Serbian Security Chiefs Appeal Conviction for Aiding War Crimes

7. September 2021.17:01
Jovica Stanisic and Franko Simatovic, who were convicted of aiding war crimes committed by Serbian fighters during the Bosnian conflict, claimed there was not enough evidence to declare them guilty and called for their sentences to be overturned.

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Jovica Stanisic i Franko Simatovic. Photo: EPA/Michael Kooren / REUTERS POOL

Lawyers for former Serbian State Security Service officials Jovica Stanisic and Franko Simatovic appealed on Monday against the verdict in June which sentenced them both to 12 years in prison for aiding and abetting crimes war crimes in Bosnia and Herzegovina in 1992.

The UN’s Mechanism for International Criminal Tribunals in The Hague convicted them of aiding and abetting the crimes committed by a State Security Service special fighting unit in the Bosanski Samac area, but acquitted them of responsibility for other crimes committed by Serb units elsewhere in Bosnia and in Croatia during the wars there in the early 1990s.

This verdict was the first-ever conviction of top Serbian wartime officials for crimes during the wars that broke out during the break-up of Yugoslavia. It also confirmed more details that establish that the Serbian state had involvement in the conflicts in Bosnia and in Croatia, despite its denials.

In their notice of appeal, both Stanisic and Simatovic urged the court either to quash the verdict and declare them not guilty, or reduce their sentences.

Stanisic’s defence claimed that the trial chamber was mistaken when it determined that organising training for State Security Unit members and local Serb forces at the Pajzos camp in Croatia, and their deployment during the Serb takeover of Bosanski Samac, “was capable of amounting to practical assistance which had an effect, substantial or otherwise, on the perpetration of the crimes of persecution, murder, and forcible displacement by Unit members and local Serb forces”.

It also claimed that the trial chamber failed to identify a connection between the men’s alleged assistance and the crimes committed, which included a massacre in Crkvina in May 1992.

Stanisic’s defence further argued that because the court found that he did not control the perpetrators, or direct them during the commission of the crimes, “the trial chamber erred by failing to assess, or provide a reasoned opinion, as to how the practical assistance substantially affected the perpetration of the entirety of the crimes committed”.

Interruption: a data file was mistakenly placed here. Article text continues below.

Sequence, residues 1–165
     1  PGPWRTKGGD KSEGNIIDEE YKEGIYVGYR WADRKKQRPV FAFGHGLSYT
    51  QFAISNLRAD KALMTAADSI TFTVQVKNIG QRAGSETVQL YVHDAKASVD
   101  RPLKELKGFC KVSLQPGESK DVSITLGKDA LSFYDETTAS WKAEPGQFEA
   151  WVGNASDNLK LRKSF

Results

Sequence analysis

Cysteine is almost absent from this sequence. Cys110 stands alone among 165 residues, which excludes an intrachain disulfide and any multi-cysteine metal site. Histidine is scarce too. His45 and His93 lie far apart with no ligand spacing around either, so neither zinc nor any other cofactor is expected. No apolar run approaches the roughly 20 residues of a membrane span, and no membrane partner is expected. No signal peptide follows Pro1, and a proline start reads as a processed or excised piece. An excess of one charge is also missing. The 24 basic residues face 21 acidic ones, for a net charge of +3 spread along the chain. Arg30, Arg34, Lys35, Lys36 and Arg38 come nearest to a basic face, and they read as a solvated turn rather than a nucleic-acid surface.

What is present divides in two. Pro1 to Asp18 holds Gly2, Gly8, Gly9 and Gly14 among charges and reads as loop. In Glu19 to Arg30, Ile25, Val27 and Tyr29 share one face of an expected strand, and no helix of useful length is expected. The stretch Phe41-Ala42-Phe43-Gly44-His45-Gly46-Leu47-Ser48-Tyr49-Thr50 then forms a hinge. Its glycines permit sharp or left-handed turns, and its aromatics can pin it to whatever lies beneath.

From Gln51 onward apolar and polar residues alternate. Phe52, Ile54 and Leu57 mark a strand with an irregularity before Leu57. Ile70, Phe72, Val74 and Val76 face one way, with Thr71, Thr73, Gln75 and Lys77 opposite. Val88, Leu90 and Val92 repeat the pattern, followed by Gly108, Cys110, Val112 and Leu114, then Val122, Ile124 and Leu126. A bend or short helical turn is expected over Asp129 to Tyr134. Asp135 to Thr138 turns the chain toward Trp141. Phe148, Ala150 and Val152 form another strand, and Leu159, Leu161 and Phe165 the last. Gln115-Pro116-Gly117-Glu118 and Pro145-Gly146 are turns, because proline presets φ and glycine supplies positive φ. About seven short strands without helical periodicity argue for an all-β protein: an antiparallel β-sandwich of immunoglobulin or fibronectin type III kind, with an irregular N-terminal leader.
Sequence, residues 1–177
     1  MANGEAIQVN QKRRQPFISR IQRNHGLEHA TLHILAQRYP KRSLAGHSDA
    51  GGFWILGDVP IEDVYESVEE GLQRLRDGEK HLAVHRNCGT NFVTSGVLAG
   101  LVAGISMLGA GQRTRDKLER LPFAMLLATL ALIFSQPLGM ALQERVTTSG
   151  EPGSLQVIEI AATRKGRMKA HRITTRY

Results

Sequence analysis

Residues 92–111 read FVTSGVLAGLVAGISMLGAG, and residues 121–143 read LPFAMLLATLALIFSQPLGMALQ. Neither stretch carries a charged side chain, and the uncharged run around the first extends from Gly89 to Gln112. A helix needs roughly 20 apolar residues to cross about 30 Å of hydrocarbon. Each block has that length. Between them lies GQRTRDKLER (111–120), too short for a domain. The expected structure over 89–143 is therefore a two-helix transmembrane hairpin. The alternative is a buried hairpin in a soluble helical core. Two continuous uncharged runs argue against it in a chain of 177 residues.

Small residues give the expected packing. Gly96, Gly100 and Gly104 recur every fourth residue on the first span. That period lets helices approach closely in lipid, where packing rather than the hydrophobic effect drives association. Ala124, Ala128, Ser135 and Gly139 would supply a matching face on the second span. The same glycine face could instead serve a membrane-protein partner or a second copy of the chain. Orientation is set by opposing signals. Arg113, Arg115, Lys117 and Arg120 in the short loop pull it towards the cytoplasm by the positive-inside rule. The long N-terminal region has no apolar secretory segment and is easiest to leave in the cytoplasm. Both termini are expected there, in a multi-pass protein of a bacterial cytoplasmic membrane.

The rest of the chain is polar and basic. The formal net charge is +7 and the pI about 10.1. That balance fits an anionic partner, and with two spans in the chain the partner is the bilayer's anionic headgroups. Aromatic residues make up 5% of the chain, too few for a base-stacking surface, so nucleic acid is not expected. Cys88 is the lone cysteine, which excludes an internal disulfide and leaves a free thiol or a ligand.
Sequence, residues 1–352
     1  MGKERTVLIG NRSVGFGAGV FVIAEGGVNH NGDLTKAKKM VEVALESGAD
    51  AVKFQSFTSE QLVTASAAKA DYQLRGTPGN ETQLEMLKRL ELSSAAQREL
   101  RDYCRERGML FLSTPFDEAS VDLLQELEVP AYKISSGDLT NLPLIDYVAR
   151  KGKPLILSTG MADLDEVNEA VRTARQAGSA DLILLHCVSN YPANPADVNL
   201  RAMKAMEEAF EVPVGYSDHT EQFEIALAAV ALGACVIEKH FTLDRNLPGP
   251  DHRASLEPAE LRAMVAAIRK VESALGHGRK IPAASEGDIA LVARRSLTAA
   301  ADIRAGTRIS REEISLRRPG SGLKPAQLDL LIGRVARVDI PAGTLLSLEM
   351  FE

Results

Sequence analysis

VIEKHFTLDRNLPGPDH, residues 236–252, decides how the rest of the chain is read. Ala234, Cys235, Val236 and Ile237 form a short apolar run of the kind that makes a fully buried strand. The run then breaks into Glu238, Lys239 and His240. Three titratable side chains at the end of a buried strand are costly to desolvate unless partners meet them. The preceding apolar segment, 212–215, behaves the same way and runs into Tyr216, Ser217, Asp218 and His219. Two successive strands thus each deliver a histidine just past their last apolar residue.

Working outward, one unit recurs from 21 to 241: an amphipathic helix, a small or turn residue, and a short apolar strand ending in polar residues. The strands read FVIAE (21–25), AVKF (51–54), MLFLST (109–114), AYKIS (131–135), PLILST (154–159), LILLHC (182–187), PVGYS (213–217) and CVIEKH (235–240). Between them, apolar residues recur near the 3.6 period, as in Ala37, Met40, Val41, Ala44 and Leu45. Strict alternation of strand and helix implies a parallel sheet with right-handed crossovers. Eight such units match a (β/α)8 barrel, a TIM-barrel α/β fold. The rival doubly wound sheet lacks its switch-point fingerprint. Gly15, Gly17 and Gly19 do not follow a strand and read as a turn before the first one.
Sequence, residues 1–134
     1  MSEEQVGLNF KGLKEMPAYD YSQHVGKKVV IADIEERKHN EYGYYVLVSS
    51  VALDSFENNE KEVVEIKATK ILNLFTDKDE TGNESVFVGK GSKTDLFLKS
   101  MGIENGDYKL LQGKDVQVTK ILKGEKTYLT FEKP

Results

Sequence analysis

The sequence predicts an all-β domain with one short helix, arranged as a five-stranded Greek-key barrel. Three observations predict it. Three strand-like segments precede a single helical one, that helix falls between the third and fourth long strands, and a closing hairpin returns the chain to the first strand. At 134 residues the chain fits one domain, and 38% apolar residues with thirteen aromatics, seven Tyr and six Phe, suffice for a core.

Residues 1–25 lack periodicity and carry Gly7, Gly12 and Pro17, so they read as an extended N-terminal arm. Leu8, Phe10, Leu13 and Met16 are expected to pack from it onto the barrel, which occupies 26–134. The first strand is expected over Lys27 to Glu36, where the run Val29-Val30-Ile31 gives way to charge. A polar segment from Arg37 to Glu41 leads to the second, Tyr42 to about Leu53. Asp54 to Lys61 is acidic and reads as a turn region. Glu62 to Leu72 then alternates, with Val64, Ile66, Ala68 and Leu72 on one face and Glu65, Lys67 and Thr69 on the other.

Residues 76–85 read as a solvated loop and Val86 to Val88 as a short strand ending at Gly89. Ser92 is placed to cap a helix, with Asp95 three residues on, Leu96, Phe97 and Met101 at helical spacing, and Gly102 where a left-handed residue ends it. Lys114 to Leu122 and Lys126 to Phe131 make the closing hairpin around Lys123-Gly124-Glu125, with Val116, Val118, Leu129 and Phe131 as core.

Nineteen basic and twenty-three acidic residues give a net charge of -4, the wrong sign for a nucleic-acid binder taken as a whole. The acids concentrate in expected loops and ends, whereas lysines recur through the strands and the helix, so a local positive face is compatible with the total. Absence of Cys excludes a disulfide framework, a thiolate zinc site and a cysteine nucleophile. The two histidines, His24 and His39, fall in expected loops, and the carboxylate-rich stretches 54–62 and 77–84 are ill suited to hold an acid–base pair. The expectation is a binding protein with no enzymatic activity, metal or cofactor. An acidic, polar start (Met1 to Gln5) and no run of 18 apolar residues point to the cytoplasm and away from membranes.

Stanisic’s appeal said the court “failed to place proper weight on the evidence that showed that Stanisic was not part of the JCE [joint criminal enterprise]”.

Simatovic’s appeal claimed that the court made a series of errors, arguing that it incorrectly established that he set up the State Security Service’s Special Operations Unit from fighters trained in Croatia in 1991.

It also claimed that the court wrongly established that Simatovic had authority over the Special Operations Unit and agreed on “arrangements for the training of persons sent to Bosanski Samac [to fight]”.

“The trial chamber erred in facts and in law when it established that Simatovic was aware that by allowing persons sent to Bosanski Samac to use facilities and trainers he would be supporting military actions and in the context of the conflict at the time, the commission of crimes by these forces,” it said.

The prosecution has also appealed against the verdict, calling for higher sentences for both men.

It argued that the court should have found them guilty of being members of a ‘joint criminal enterprise’ to commit crimes during the Croatian and Bosnian wars, along with Slobodan Milosevic and other Serbian political, military and police officials and leaders of Croatian and Bosnian Serbs.

The prosecution also said they should have been convicted of involvement in the forced displacement of civilians, and of aiding and abetting crimes committed in Zvornik, Doboj and Sanski Most in Bosnia, and in two self-proclaimed, rebel Serb-controlled territories in Croatia called the Serbian Autonomous Region of Krajina and the Serbian Autonomous Region of Eastern Slavonia, Baranja and Western Srem.

Lamija Grebo

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